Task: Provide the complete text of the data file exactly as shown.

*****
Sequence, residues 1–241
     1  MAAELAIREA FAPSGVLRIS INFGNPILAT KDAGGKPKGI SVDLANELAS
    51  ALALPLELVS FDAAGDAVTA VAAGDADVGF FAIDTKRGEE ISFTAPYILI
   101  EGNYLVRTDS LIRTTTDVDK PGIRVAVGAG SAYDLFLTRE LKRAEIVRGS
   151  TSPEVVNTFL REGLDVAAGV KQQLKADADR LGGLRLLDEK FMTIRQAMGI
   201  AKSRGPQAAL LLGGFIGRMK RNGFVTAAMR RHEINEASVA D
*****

Sequence, residues 1–241
     1  MAAELAIREA FAPSGVLRIS INFGNPILAT KDAGGKPKGI SVDLANELAS
    51  ALALPLELVS FDAAGDAVTA VAAGDADVGF FAIDTKRGEE ISFTAPYILI
   101  EGNYLVRTDS LIRTTTDVDK PGIRVAVGAG SAYDLFLTRE LKRAEIVRGS
   151  TSPEVVNTFL REGLDVAAGV KQQLKADADR LGGLRLLDEK FMTIRQAMGI
   201  AKSRGPQAAL LLGGFIGRMK RNGFVTAAMR RHEINEASVA D